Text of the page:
Curtain Automation with Somfy , OpenHAB, Smartthings and Amazon Echo

This is the overview for automating our curtains with a Somfy Glydea 60E rail, the Somfy URTSI II, OpenHAB, Samsung Smartthings and the Amazon Echo.

You can find the detail videos at:
– Programming the motor and setting up remotes:

– Setting up the Somfy inteface with OpenHAB

– Integration with SmartThings and Amazon Echo

And here is the link to the NEST video as promised:


4 Open Source Home Automation Alternative Platforms for Open Home Automation Bus

The Internet of Things is not merely a buzzword, it’s actually a speedily increasing reality.

With an ever-increasing volume of devices on the market to make it easier to automate, shield, and monitor your property, it has no time before been easier nor more tempting to have a go at home automation. Whether you are expecting to regulate your HVAC(Heating Ventilating Air Conditioning) system remotely, integrate a home theatre, safeguard your home from burglary, fire, or other terrors, reduce your energy consumption, or simply just control a few lights, there are countless devices offered at your grasp.

While connected devices usually contain personal components, a good starting point in bringing open source into your home automation system is to make certain the device that ties your devices together-and presents you with an interface to them (the “hub”)-is open source. The good thing is, you will discover numerous options to choose from, with alternatives to run on everything from your always-on PC to a Raspberry Pi.

Listed below are several of our favs.


OpenHAB (short for Open Home Automation Bus) is among the most widely known home automation tools among open source buffs, with a huge user community and many supported devices and integrations. Written in Java, openHAB is easily transportable across almost all major systems and also runs very well on the Raspberry Pi. Supporting many devices, openHAB is designed to be device-agnostic while making it simpler for developers to add their own devices or plugins to the system. OpenHAB also ships iOS and Android applications for device control, together with a design tools allowing you to construct your own User interface for your smart home system.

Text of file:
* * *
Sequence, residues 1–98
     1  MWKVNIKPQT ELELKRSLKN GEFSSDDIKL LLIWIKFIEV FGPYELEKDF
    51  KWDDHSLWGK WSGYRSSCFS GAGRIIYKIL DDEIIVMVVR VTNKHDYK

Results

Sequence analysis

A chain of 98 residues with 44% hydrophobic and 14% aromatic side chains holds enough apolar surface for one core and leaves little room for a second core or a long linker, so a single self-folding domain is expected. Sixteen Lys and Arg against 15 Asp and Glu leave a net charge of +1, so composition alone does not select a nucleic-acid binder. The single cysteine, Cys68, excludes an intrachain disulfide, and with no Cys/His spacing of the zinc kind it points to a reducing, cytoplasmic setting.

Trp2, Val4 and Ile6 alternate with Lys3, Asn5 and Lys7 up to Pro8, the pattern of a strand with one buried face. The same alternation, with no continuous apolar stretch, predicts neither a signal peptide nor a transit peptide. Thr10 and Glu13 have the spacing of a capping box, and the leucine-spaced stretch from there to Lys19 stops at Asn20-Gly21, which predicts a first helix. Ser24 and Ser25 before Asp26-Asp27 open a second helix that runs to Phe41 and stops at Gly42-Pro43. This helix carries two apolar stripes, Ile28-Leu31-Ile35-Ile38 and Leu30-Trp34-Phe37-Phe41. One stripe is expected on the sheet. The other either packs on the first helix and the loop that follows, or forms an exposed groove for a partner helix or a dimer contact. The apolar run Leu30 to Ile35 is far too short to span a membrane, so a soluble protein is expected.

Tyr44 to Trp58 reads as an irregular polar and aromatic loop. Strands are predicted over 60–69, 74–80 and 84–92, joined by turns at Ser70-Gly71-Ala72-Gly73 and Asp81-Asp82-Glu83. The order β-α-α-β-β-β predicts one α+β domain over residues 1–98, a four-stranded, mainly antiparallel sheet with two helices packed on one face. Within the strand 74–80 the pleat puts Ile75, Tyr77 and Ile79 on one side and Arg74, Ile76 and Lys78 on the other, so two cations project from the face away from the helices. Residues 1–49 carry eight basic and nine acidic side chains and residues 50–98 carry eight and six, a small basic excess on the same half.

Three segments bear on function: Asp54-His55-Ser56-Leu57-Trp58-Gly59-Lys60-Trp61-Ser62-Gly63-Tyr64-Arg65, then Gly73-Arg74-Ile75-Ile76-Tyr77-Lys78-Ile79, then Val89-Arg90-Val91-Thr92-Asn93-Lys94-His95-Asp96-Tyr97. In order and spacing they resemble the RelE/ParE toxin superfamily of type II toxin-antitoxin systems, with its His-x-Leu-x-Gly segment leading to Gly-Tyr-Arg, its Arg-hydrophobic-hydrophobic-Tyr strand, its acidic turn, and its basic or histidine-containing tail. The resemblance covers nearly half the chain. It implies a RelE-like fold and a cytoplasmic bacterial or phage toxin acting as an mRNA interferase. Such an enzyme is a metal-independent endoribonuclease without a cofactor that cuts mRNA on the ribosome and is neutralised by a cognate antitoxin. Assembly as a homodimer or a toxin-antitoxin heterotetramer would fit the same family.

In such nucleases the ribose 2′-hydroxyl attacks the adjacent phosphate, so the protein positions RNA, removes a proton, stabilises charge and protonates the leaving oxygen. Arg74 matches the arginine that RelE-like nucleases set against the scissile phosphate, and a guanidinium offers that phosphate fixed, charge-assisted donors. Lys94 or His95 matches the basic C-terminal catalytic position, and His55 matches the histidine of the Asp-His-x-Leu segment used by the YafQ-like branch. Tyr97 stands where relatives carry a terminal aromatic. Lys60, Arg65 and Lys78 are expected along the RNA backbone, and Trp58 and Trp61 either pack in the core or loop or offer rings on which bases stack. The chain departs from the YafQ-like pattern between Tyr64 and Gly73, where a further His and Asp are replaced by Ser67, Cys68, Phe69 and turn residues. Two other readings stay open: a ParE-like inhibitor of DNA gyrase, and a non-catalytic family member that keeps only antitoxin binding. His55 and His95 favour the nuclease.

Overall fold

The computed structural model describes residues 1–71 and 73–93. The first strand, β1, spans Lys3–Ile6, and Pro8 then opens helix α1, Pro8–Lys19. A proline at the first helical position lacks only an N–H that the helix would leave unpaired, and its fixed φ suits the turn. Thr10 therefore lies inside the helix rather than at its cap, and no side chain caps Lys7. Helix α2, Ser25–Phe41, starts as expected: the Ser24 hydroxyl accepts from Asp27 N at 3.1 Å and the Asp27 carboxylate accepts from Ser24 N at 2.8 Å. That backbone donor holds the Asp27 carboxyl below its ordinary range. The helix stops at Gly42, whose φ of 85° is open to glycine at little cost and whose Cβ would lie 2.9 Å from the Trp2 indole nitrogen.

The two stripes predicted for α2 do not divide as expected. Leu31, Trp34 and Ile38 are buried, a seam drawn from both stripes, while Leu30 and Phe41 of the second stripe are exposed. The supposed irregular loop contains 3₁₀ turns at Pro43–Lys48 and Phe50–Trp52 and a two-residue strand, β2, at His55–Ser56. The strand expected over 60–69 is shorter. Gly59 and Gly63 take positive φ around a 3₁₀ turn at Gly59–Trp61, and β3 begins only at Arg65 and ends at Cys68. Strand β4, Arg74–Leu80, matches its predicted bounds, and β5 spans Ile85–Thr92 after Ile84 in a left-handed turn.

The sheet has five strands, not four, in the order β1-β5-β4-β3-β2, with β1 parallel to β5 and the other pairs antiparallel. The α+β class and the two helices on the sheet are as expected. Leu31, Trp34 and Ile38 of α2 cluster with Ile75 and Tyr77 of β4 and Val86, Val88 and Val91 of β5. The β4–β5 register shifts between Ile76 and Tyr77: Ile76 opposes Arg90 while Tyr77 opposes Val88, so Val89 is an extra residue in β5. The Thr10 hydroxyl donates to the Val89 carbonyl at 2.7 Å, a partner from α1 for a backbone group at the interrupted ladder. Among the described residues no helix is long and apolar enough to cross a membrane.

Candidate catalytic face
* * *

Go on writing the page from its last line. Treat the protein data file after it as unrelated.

You’ll find openHAB’s source code on GitHub licensed under the Eclipse Public License.


Calaos is designed as a full-stack home automation system, with a server application, touch-screen interface, web application, native mobile software for iOS and Android, and a preconfigured Linux operating platform to run underneath. English speaking readers should be advised that, while some English documentation is available, some of the instructional material plus support online forums are mainly in French.

Calaos is licensed under version 3 of the GPL and you can view its source code on GitHub.


Domoticz is a home automation system with a very wide selection of supported devices, covering anything from weather stations to smoke sensors to remote controls, with a large number of additional third party integrations documented on the project’s website. It is designed with an HTML5 frontend, rendering it reachable from both PC web browsers in addition to most recent phones, and is featherweight, running on lots of low power products just like the Raspberry Pi.

Domoticz is written primarily in C/C++ under the GPLv3, and its source code can be browsed on GitHub.

Home Assistant

Home Assistant is an free home automation platform, and is designed to be easily deployed on nearly any machine which can run Python 3, from a Raspberry Pi to a NAS system, and moreover comes with a Docker container to make deploying on other systems very easy. It brings together with a great number of free and also commercial offerings, letting you link, one example is, IFTTT, weather information, or your Amazon Echo device, to regulates from locks to lights to even a command line notifier.

Home Assistant is released under an MIT license, and its source code readily available for download from GitHub.


OpenMotics is a smart home automation system with both hardware and software under open source licenses, designed at providing a thorough system for controlling devices instead of sewing together a variety of devices from various providers. Distinct from many of the other systems designed primarily for quick retrofitting, OpenMotics is targeted on a conventional hardwired solution. To acquire more information, see our full article from OpenMotics backend developer Frederick Ryckbosch.

The source code for OpenMotics is licensed under the GPLv2 and is offered for download on GitHub.

These are not the only options, needless to say. Loads of home automation aficionados go with a various solution, or maybe commit to roll their very own. Several other potential choices to think of contain LinuxMCE, PiDome, MisterHouse or smarthomatic. Other folks decide to use unique smart home devices without integrating them into a single thorough system.

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